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Blow by Blow: The Great Jazz Horn Players

The great horn players of jazz are true musical heroes – icons who took the stage and created the classic sounds we take for granted today. They were daring pioneers, continually experimenting with new sounds, improvising, innovating and pushing the music in new directions.

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Dizzy Gillespie And the damaged hornLimited edition of only 300From £100Options
Maynard ferguson hits the heightsLimited edition of only 300From £100Options
Paul Desmond’s Smooth StyleLimited edition of only 300From £100Options
John Coltrane breaks freeLimited edition of only 300From £100Options
Benny Goodman Gets In The SwingLimited edition of only 300From £100Options
Miles Davis Cools things DownLimited edition of only 300From £100Options
Sonny Rollins the Saxophone colossusLimited edition of only 300From £100Options
Freddie Hubbard Wows the criticsLimited edition of only 300From £100Options
The jazztet play hard bopLimited edition of only 300From £100Options
Wynton Marsalis leads a new generationLimited edition of only 300From £100Options
Louis Armstrong Leads The WayLimited edition of only 300From £100Options
Cannonball Adderley Brings soul to the blue noteLimited edition of only 300From £100Options

About our exhibition

The great horn players of jazz are true musical heroes – icons who took the stage and created the classic sounds we take for granted today. They were daring pioneers, continually experimenting with new sounds, improvising, innovating and pushing the music in new directions.

When these musicians performed in the Fifties, Sixties and Seventies, their images were captured by Ted Williams – one of the very few African-American photographers working on the jazz scene. These candid photographs document some of the world’s most famous musicians as they created musical history, or relaxed behind the scenes.

This exhibition takes us right through the evolution of jazz. It illustrates how successive horn players built on the legacy of the music to create new ideas, movements and trends, and how swing gave way to bebop, cool jazz and other styles. And the influence of these musicians reaches way beyond the world of jazz. Coltrane’s determination to squeeze new sounds out of his instrument set a fantastic example for guitarists such as Jimi Hendrix, and when Miles Davis moved into electric jazz in the late 1960s, he laid the groundwork for hip hop and all kinds of future dance music, including dubstep.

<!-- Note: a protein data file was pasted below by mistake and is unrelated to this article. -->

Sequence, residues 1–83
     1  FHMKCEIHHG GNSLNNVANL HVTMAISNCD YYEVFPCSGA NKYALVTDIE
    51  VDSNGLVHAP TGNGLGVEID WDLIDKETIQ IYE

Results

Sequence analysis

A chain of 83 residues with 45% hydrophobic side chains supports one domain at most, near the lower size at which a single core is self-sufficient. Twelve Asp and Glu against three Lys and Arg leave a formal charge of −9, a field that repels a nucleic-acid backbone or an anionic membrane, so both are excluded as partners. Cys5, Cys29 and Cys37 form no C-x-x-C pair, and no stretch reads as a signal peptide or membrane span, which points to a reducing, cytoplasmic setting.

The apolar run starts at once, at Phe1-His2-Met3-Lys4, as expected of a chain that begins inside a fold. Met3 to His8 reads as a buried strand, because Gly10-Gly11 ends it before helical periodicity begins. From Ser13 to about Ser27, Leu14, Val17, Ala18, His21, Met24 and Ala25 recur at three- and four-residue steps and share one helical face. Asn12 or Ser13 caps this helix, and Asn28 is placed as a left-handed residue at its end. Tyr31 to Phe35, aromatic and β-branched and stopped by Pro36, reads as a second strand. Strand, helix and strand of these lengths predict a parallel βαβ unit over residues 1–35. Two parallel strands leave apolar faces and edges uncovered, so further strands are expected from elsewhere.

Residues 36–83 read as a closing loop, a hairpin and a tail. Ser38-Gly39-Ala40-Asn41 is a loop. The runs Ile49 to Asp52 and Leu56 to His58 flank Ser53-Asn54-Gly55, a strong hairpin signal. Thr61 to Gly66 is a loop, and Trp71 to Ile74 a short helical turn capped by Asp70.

These photographs are not only fascinating documents of a sensational period of music, but also amazing works of art in their own right. And now, for the first time, you have the chance to own them yourself.

About Ted Williams

Most of Ted Williams’ archive, comprising both original negatives and photographs has never been published, printed, or seen before – until now. His jazz photography has been widely celebrated for the way in which it takes viewers on a heartfelt journey into both the on- and off-stage lives of touring, hardworking, and often legendary, jazz musicians.

Williams’ photographs capture the focus, the energy and the delight of jazz artists, and he photographed virtually every major name in jazz and blues: Dizzy Gillespie, John Coltrane, Sarah Vaughan, Thelonious Monk, Dinah Washington, Duke Ellington, Count Basie, Billie Holiday, Ella Fitzgerald, Louis Armstrong and Miles Davis and Charlie Parker.

Williams’ work emanated an intimacy and spontaneity towards his subjects and it’s in that dynamic where the honesty and truth of his photos is to be found. William’ longer-term ambition had been that the general public would get to see his images in exhibition settings. In this way, Ted believed that the photographs would offer some illumination on mid twentieth century African-American culture.

Ted died in 2009, but he remains a figurehead for African-American photographers and in the history of American photography. He has left behind a dazzling photographic odyssey through the world of jazz.

Taken from a piece written by James Clarke